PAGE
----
Grilled Lamb Chops
Growing up, we enjoyed the same meal every Easter. Staples like bone-in ham with horseradish sauce, iceberg salad with hot bacon dressing, pickled red beet eggs, baked butter beans, and homemade bread. My mouth is watering as I type. It was predictable. It was fabulous. And I wouldn’t change a thing.
Making traditional recipes on holidays leads to warm memories that last a lifetime. Occasionally, Mom would swap in corn fritters, or peas simmered in hot milk and butter. Or maybe her mac-n-cheese baked with stewed tomatoes. But the base of the meal was always ham. It was a given, as certain as her fancy rose-patterned plates and glasses making their semi-annual appearance.
Don’t get me wrong. I love a hot ham meal. I mix it up with our own favorite go-withs like pineapple bread pudding, baked corn, and blue cheese deviled eggs. But the gist is the same, and Moms everywhere are the inspiration.
For Easter, however, I sometimes like to break the ham mold. Memorable departures include the year I did a leg of lamb stuffed with spinach. The first, and only, time I made a crown pork roast. The tenderloins I grilled in the rain. And the wonderful Cuban pork roast that cooked for hours on the rotisserie. For that last one, I had to swat at our guests hovering around the cutting board picking at the deliciously charred edges.
This month I offer you another favorite for Easter: Grilled Lamb Chops with Lemon and Oregano. They’re crazy easy. Taste amazing. And make an impressive platter.
Let’s get started, shall we?
Whisk the following in a large, lidded food container:
⅓ cup extra virgin olive oil
½ tbsp. lemon zest
juice from 2 lemons
½ cup fresh oregano, chopped
6 garlic cloves, chopped
¼ cup Worcestershire sauce
¼ cup apple cider vinegar
2 tbsp. brown sugar
1 ½ tsp. onion powder
½ tbsp. kosher salt
fresh ground pepper to taste
Add 3 pounds lamb loin chops, cut 1-inch thick (the ones that look like little T-bone steaks)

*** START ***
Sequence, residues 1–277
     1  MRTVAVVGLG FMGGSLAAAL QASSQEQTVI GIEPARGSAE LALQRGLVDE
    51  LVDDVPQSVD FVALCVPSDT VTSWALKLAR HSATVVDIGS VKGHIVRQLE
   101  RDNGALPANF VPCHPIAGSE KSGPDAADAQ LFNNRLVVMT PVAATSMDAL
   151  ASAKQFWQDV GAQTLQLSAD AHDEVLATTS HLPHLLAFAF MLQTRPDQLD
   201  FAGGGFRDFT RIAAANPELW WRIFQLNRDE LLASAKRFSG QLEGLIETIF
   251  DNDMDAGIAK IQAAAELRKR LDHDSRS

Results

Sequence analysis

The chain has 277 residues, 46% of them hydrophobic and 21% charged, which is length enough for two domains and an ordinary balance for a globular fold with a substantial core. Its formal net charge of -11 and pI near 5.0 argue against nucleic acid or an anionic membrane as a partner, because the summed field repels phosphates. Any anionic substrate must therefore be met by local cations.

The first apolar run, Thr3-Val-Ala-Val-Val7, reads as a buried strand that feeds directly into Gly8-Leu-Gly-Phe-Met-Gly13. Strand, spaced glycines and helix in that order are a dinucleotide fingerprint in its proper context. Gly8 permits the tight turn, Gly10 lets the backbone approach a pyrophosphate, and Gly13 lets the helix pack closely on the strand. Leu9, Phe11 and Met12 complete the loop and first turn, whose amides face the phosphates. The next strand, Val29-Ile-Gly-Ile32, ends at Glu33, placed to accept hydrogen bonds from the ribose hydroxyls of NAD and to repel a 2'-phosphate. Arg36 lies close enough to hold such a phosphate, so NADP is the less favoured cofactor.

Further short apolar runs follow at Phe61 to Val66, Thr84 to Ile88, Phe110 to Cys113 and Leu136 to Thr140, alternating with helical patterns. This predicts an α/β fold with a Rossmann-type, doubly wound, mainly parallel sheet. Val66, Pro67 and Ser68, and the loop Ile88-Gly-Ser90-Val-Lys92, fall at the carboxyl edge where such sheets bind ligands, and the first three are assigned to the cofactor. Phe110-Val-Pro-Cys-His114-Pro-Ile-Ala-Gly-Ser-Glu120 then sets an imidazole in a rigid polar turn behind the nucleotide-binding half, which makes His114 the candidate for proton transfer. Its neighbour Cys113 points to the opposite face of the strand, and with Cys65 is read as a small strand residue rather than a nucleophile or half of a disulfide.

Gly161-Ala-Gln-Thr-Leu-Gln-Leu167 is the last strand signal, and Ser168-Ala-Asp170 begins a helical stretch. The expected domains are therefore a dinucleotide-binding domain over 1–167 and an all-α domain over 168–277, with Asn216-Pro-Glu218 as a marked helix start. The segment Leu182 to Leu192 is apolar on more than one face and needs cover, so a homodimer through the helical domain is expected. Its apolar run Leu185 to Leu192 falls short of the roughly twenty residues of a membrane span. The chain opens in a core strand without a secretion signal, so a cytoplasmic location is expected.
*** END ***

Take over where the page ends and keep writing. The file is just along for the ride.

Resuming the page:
Cover and chill to marinate at least 6 hours, or up to 24. Shake and turn the container every so often. Then bring it back to room temperature the last hour.
Preheat your grill to medium-high. Drain the chops and toss the marinade.
Grill to your liking, flipping once. Medium rare will be 135° on a meat thermometer; medium will be 150°. This takes about 3 to 5 minutes per side.
Rest the chops on a platter tented with foil for 10 minutes. Garnish with any extra oregano and serve.
Fresh oregano is key. Look for it in the produce section. For that matter, fresh lemon juice is important too. So don't reach for anything with a safety seal.
• I once read that US lamb has a less gamey, less pronounced flavor. I don't know how true that is but supporting local is always preferred when you can.
• Pick side dishes that finish themselves while you grill. Drinking a glass of wine while you savor the smokey aroma is a lot more enjoyable than last-minute fussing over go-withs. I make an au gratin potato that comes out of the oven to rest as I'm heading to the patio.
• I like to pull these off the grill starting around 140°, and no more than 145°. If the chops are too rare, I find they can be chewy, especially near the bone. Too well done is never good but can be solved by pouring more wine.
• Avoid marinating longer than 24 hours. The acidic ingredients will start to "cook" the meat, giving the edges a mushy texture. Not to worry if you miscalculate; nothing's ruined. Just don't tell folks it's my recipe. ▼
Ed and his husband Jerry split their time between homes near Harrisburg Pennsylvania and Bethany Beach. Ed builds websites to pay the bills but loves to cook, garden, hike, and dote on their dog Atticus.